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What if My Aging Relative Resists "Outside" Help? Helping Seniors Accept Help

Despite an obvious need for assistance, a senior's urge to remain independent is often strong.

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Two of the most important issues for seniors are to remain independent and keep living in their own home. But health and cognitive issues can sometimes make normal day to day living a bit more challenging.

While some seniors accept assistance with no problem, many others can be initially resistant to the thought of someone helping them, particularly if the assistance is provided by a non-family member.

In many cases though, assistance is necessary in order to maintain the safety and well-being of the senior, and the peace of mind of the family.

Despite an obvious need for assistance, sometimes the urge to remain independent is strong. According to a survey by Home Instead, only one-quarter of seniors actually ask for help directly, so encountering resistance from the other 75% is very normal at first.

If you're wondering if you might be overreacting or if your loved one's situation truly calls for a need for additional care, Home Instead pulled together a list about the top 10 situations that prompted family members to provide a senior with additional assistance. They are:

  1. An injury/illness/medical condition left the older relative less able to function independently
  2. Advanced age made the older relative less able to function independently
  3. The family noticed that the elderly relative was becoming burdened by their every day tasks
  4. The older person asked for help directly
  5. The family member would feel guilty if they didn't offer to help out
  6. The older person needed more assistance after the death of a spouse or partner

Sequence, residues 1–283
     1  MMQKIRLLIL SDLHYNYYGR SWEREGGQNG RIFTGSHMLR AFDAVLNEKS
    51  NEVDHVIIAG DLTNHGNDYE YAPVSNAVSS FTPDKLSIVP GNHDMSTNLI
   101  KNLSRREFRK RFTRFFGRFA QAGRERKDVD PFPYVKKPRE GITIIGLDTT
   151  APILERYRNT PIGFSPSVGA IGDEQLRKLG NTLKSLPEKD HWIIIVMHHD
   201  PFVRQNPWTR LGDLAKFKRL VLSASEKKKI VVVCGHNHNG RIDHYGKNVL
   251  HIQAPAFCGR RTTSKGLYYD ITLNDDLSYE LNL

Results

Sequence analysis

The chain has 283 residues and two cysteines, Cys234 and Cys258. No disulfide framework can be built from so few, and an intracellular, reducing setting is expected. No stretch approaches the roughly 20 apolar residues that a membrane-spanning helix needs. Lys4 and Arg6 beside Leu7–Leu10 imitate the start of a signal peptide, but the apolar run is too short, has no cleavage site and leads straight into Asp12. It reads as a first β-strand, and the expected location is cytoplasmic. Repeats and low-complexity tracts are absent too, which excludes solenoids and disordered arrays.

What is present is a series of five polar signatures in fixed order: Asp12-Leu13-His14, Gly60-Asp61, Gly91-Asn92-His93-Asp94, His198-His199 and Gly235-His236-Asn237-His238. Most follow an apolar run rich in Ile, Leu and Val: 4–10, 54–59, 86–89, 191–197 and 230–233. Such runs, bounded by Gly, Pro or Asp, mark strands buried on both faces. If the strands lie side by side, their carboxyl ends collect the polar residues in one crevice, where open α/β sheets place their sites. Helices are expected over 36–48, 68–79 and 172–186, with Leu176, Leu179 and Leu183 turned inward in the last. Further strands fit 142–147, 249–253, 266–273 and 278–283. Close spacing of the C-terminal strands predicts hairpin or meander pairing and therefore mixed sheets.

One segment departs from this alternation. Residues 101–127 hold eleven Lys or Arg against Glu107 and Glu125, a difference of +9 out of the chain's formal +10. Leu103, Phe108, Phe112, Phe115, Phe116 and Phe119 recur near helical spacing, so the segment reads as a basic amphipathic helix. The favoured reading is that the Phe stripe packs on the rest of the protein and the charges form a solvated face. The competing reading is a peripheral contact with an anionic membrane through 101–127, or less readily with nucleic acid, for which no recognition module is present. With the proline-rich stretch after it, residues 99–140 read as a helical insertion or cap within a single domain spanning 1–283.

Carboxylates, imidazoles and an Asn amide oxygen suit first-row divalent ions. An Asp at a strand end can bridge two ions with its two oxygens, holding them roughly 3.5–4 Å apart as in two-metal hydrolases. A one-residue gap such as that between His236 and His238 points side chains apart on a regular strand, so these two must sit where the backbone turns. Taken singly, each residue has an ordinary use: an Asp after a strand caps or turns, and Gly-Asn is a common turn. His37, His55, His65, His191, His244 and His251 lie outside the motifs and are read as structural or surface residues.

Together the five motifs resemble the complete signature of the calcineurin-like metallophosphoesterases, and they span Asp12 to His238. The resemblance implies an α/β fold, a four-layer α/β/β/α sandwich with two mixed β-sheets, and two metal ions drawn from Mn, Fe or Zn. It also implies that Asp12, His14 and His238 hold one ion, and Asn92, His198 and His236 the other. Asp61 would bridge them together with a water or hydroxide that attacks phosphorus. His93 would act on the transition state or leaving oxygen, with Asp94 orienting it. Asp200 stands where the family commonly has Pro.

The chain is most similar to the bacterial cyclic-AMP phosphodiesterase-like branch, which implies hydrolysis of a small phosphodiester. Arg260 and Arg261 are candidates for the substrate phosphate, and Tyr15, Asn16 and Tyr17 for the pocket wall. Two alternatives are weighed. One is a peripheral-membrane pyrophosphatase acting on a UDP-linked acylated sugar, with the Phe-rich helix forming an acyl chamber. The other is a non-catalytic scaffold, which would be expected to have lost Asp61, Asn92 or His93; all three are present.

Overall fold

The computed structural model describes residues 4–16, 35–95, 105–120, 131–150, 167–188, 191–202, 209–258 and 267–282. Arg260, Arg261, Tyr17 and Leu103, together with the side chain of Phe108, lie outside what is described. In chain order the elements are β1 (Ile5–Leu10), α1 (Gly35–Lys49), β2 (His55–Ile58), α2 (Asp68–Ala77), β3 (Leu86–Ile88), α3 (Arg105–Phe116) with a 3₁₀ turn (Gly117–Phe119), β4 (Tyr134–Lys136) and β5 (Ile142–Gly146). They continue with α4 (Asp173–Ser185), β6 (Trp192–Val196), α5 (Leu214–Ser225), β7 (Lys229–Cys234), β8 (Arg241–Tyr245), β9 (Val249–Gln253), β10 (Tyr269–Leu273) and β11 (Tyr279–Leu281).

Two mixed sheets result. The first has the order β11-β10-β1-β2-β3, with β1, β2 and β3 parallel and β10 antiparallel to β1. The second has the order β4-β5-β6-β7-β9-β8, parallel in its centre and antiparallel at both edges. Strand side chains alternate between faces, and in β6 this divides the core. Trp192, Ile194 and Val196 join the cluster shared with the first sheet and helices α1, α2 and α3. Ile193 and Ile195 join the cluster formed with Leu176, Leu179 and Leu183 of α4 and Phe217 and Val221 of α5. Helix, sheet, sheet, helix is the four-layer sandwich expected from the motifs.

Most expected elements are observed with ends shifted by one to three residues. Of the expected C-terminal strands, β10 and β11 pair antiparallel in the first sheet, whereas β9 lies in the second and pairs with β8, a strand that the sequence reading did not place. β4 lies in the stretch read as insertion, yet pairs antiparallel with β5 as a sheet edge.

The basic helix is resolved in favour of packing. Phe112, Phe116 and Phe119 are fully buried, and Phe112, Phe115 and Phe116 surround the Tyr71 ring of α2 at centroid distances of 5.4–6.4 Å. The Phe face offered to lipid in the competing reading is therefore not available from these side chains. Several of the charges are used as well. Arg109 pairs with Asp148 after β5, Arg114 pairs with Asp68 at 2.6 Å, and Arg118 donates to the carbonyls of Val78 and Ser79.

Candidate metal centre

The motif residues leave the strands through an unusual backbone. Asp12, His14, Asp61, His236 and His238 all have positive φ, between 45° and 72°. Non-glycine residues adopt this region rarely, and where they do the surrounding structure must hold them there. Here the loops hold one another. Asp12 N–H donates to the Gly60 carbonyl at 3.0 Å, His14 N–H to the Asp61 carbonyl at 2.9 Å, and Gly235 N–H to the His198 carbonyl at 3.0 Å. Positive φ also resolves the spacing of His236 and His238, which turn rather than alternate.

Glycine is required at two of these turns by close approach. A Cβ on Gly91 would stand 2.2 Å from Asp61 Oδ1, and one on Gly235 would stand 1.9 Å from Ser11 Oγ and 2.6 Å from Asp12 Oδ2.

7. The older relative would have had to move or leave their home if some assistance was not provided
  8. The family noticed that the parent/relative was losing interest in some of the activities they used to enjoy
  9. Family members noticed that the parent/relative was losing weight
  10. Family members noticed that the parent/relative's appearance was deteriorating

If your senior loved one falls into one or more of those categories and you approach them about getting outside support and they still resist, below are some suggestions from the American Geriatrics Society about how to overcome their reluctance.

  • If a family member is stretched thin with their caregiving duties, sometimes he or she just needs to ask the senior to do things to make his/her life easier—as a favor, which includes having an additional caregiver step in to help out. Use the phrase, "I would feel so much better if I knew that you had more help, someone to do your food shopping, someone to take you to the drug store, someone to be here when I can't, etc…"
  • Instead of the family caregiver suggesting additional assistance, have a trusted third party suggest to the senior that they hire a professional caregiver. Perhaps his/her doctor, geriatric care manager, best friend, priest, etc. could play this advice-giving role.
  • Show how a service will make it possible to remain independent longer in his/her own home. Most of these professional caregiving services provide free consultation to assess the senior's specific situation and make recommendations.